Inter Partes Review (IPR) is a process that allows patent experts to take a second look at patents and ensure that every granted patent represents true innovation. This graphic demonstrates how IPR improves patent quality, accelerates competition and makes lower-cost generics and biosimilars accessible to U.S. patients.
Market circumstances make this measure necessary. Brand-name pharmaceutical companies have been known to create extensive patent portfolios that block competition and prevent more affordable medicines from reaching the market. IPR improves patent quality by allowing generic pharmaceutical companies to challenge erroneous patents and expedite the introduction of generic and biosimilar medications that would bring prices down through competition.
Under the IPR authority, the U.S. Patent and Trademark Office (PTO), a panel of judges with subject matter expertise, review the patent in 18 months with limited extensions. This represents a significant contrast to slower and costlier litigation in district court, which can take upwards of 30 months.
IPR works. Consistent with the Hatch-Waxman Act, it expedites the pathway for generic and biosimilar medicines to come to market. And it rewards true innovation.
Consider, for example, the prostate cancer medicine Zytiga (abiraterone acetate), for which generics were able to come to market in 2019 thanks to IPR. The nine generic competitors that have been able to enter the market currently offer an average 81% discount off of the brand-name product. Savings of this magnitude means that more cancer patients will have access to treatment.
Well-documented patent abuse is preventing other safe, affordable, FDA-approved generic and biosimilar medications from reaching patients. IPR is the remedy.
As the graphic makes clear, a patent examiner spends, on average, only 19 hours reviewing a patent application. Researchers from the Organisation for Economic Co-Operation and Development (OECD) have found that this time is insufficient to review prior art and issue Office Actions, which ultimately leads to the grant of otherwise invalid patents. IPR offers a necessary and efficient second look at these patents.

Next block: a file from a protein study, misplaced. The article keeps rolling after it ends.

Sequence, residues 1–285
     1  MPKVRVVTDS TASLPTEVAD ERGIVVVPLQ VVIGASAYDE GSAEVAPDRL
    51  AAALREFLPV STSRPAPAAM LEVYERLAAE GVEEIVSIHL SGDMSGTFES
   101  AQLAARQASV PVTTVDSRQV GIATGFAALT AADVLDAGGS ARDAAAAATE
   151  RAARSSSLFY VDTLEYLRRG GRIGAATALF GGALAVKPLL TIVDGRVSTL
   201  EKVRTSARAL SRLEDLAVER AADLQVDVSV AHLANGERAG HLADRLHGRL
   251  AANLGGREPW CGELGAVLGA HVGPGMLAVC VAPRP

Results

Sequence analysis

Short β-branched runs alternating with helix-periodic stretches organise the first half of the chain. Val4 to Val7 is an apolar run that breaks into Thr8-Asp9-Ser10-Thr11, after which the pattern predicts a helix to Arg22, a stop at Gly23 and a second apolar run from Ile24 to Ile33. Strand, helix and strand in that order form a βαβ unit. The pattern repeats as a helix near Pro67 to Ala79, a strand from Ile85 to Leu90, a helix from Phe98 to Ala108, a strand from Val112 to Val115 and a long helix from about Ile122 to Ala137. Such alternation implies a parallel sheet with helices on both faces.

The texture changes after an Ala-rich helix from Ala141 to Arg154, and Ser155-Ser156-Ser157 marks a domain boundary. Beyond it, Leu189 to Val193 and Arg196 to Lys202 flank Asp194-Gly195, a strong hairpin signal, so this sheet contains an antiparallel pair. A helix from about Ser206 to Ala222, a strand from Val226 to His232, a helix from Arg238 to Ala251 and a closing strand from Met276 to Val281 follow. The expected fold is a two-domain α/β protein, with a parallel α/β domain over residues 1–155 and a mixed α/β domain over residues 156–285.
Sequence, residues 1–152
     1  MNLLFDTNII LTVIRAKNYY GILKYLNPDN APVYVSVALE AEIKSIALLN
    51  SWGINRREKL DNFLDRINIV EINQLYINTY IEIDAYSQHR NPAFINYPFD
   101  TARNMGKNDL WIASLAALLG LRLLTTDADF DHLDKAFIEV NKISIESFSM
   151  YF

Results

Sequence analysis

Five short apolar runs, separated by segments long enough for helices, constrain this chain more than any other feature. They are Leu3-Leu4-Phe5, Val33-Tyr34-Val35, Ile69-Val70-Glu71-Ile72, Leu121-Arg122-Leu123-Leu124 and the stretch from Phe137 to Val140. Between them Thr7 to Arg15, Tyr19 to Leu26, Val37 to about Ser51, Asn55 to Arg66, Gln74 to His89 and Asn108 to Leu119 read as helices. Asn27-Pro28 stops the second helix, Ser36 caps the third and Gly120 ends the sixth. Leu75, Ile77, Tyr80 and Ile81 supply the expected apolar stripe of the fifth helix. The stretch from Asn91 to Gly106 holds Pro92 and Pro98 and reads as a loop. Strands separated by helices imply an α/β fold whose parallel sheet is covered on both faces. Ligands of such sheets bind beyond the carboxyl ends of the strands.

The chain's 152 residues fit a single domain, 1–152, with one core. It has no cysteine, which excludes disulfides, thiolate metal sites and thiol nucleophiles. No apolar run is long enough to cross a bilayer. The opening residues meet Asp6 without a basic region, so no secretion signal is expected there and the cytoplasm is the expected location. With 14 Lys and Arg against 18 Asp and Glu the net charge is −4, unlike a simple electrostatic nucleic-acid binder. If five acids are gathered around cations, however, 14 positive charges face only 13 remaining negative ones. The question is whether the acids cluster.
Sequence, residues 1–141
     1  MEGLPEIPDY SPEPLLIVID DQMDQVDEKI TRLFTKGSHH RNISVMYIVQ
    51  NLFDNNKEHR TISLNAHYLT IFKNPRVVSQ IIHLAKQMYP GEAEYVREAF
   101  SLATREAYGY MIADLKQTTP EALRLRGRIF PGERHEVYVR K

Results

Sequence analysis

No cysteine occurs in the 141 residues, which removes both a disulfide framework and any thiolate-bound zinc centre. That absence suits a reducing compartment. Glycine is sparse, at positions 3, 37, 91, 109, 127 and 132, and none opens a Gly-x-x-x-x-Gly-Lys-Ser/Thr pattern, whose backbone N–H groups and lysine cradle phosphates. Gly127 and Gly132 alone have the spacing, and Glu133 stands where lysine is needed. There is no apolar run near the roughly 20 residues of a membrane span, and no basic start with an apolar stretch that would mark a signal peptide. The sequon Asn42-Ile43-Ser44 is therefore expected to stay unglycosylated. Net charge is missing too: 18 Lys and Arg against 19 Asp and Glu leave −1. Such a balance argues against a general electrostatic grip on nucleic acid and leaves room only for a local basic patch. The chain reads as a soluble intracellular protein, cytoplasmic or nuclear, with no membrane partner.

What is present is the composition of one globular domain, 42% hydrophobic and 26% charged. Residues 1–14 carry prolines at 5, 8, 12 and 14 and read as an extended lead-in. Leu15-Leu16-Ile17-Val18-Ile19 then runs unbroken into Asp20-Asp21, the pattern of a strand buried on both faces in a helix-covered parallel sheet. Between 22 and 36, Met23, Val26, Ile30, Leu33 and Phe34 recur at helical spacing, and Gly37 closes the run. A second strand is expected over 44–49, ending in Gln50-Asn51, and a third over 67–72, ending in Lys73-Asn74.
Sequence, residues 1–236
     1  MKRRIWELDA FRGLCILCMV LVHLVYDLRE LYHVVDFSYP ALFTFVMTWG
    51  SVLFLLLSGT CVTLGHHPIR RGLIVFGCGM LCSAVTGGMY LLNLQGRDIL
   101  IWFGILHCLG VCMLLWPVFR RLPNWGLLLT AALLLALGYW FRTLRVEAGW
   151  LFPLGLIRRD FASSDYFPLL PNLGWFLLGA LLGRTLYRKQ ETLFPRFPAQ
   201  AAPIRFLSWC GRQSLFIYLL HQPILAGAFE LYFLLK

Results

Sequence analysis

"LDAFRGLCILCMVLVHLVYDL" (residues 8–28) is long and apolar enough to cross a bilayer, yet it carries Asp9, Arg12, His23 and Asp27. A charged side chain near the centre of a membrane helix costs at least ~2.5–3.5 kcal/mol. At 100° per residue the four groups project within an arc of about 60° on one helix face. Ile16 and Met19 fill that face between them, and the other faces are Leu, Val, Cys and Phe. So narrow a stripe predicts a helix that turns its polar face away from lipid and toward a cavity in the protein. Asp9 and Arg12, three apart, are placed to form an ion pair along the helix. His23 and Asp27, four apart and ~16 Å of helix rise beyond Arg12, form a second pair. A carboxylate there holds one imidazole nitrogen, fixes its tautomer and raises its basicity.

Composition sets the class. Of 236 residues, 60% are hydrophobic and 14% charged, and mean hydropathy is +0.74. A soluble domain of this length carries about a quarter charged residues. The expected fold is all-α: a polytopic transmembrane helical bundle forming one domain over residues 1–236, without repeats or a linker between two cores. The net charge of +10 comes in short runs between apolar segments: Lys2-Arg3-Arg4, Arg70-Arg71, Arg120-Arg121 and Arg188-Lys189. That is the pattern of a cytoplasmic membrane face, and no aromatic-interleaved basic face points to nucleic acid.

In spite of (or because of) its efficiency, IPR is currently being threatened with the paradoxically named STRONGER Patents Act, which would limit the ability of third parties—such as generic and biosimilars manufacturers—to challenge patents in PTAB proceedings.
Alex Moss, an attorney with the Electronic Frontier Foundation, has written, “Given that inter partes review has made it possible to cancel wrongly issued patents without spending millions of dollars, it’s no surprise patent owners are trying so hard to convince Congress to destroy it. Owners who exploit weak patents were much better off before IPR existed.”
Some brand-name manufacturers argue that while IPR might make sense for other technologies, it has no place in the pharmaceutical industry. But analysis focused on the procedure’s impact on drug patents found:
The IPR system appears to be mostly used to trim back the scope of follow-on patents that attempt to extend the original drug monopoly in order to make sure generics can enter once that original patent expires. This would appear to be completely consistent with the goals of Hatch-Waxman—ensuring that the original innovation is protected, but allowing for generics to efficiently provide that innovation after the original period of protection ends.
Rather than dilute IPR, it should be strengthened and improved to further lower prescription drug prices.
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By Karin Hessler, AAM Assistant General Counsel, and Megan Andersen, AAM Legal Fellow